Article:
'Bling ring' detective's work on movie could hurt prosecution's case
When filmmaker Sofia Coppola set out to tell the story of the “bling ring,” she wanted the movie to have an authentic, docudrama sensibility.
So Coppola reached out to Brett Goodkin, the Los Angeles Police Department detective who cracked the case of the starry-eyed youths from the San Fernando Valley. Four years ago, their lust for stardom and money led them to raid the homes of young Hollywood celebrities, making off with Paris Hilton’s designer clothes and Lindsay Lohan’s artwork.
The veteran police investigator signed on as a technical advisor to Coppola’s “The Bling Ring,” even playing himself on screen. In a scene he recently filmed, he slapped handcuffs on Emma Watson, the actress playing one of the burglars Goodkin nabbed in real life.
Police officers have served as paid consultants on Hollywood projects since the dawn of the crime genre. But experts said Goodkin’s actions are highly unusual because the case is still in court, where his financial interest in the film is certain to become an issue raised by the defense.
Goodkin never notified prosecutors of his work on the movie, though his testimony is likely to be central at the trial of three remaining defendants. Informed by The Times of Goodkin’s role, a spokeswoman for the Los Angeles County district attorney’s office expressed shock: “We did not know, and now that we do we have to evaluate what impact this may have.”
Legal experts said Goodkin’s consulting work could significantly complicate the prosecution’s case.
“This looks very unsavory, and it could make a big difference in attacking the credibility of the investigator,” said Thomas Mesereau, a criminal defense attorney who defended Michael Jackson in his 2005 child molestation trial. “Clearly, it presents a conflict of interest if someone’s investigation becomes oriented toward creating a story or entertainment. It’s certainly going to taint the investigation’s motives and make them look unprofessional.”
Stanley Goldman, a professor of law at Loyola Law School, called Goodkin’s involvement in Coppola’s project “a great birthday present for the defense.”
“It’s got to give the prosecutors pause as to whether they want to just try to settle this case before it gets in front of a jury,” Goldman said.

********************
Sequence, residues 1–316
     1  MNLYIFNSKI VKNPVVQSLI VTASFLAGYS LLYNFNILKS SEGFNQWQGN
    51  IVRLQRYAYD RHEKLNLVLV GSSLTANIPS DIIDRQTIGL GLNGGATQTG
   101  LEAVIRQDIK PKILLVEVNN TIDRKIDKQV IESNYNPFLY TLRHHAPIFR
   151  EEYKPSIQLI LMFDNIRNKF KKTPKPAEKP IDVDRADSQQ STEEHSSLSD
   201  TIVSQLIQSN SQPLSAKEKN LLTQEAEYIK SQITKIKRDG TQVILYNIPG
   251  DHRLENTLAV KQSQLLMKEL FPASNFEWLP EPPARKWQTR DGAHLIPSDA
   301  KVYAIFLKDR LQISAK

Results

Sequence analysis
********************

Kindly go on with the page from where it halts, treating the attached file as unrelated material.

Goodkin also finds himself in the uncomfortable position of being on “The Bling Ring” payroll along with a key member of the gang, Alexis Neiers, whom Coppola has also hired as a consultant.
Indeed, the police officer always seemed to grasp what was so tantalizing about the case, and frequently spoke to media outlets about it, including "Dateline" and Vanity Fair.
But when first contacted by The Times about the film, Goodkin was initially hesitant to discuss his Hollywood ties. “I’m distancing myself from that thing. I don’t want it to look untoward,” he explained.
He said that he informed LAPD supervisors of his work on the production in January. But an LAPD spokesman said that Goodkin is now under investigation for failing to get proper approval for his work on the film.
Asked what kind of details he provided to Coppola, he said they mostly discussed police procedures about search warrants and helicopters, and he did not reveal much information about the case itself.
“All she knew from me was very generic cop kind of stuff, ensuring that her end product was plausible,” said Goodkin, who received between $5,000 and $6,000 for his work.
Still, attorneys for at least one of the bling ring defendants expressed outrage at Goodkin's role.
“For him to be paid to play himself in a film where he is a critical witness against my client is highly inappropriate, and I’ll certainly make sure the jury knows about it,” said Robert A. Schwartz, who represents defendant Courtney Ames.
Ames, Diana Tamayo and Roy Lopez Jr. have pleaded not guilty and are awaiting trial.
Nicholas Prugo, thought to be the ringleader of the group, has already accepted a plea deal that will send him to state prison for two years. Rachel Lee, the daughter of a North Korean immigrant who allegedly masterminded the crimes with Prugo, is currently serving a four-year prison sentence.
Neiers, the subject of a 2010 E! reality show “Pretty Wild” that followed her to Hollywood clubs and on modeling gigs, is now on probation after serving 30 days of a 180-day sentence.
Coppola paid Neiers and her family for the movie rights to two years of their life stories.
“The bottom line is that Sofia Coppola was going to make this movie with or without my help, so why not give input and help her to make it a little more accurate?” said Neiers, 20.
The financial incentive to consult on the film was especially imperative for Neiers’ friend and so-called “sister,” 22-year-old Tess Taylor, who was in the grips of a heroin addiction when approached by the movie’s producers.
“Tess needed some help when she was first getting sober so she could go to Pasadena Recovery Center, and we were really blessed because they cut her a check before it was ever due,” said Neiers’ mother, Andrea Arlington, who for many years let Taylor live under her roof and served as her mother figure.
Accused bling ring member Prugo was also approached about serving as a consultant on the film for up to $20,000, but his attorney advised him not to take the money because it might affect the case.
Goodkin apparently did not share those concerns, and said he was interested in participating in the movie because he wanted to learn about the filmmaking process.
“I wanted to see what Sofia was going to do with the story. It’s interesting to see how things work in a factory town, and I’m certain I’ll never work on a movie again,” he said. “Look, it’s not like I was chosen because I am detective of the year. We don’t choose the cases we get. It’s not like there’s a character based on me. It’s not like I’m Bruce Willis.”
-- Amy Kaufman
Photo: Sofia Coppola. Credit: Robert Gauthier / Los Angeles Times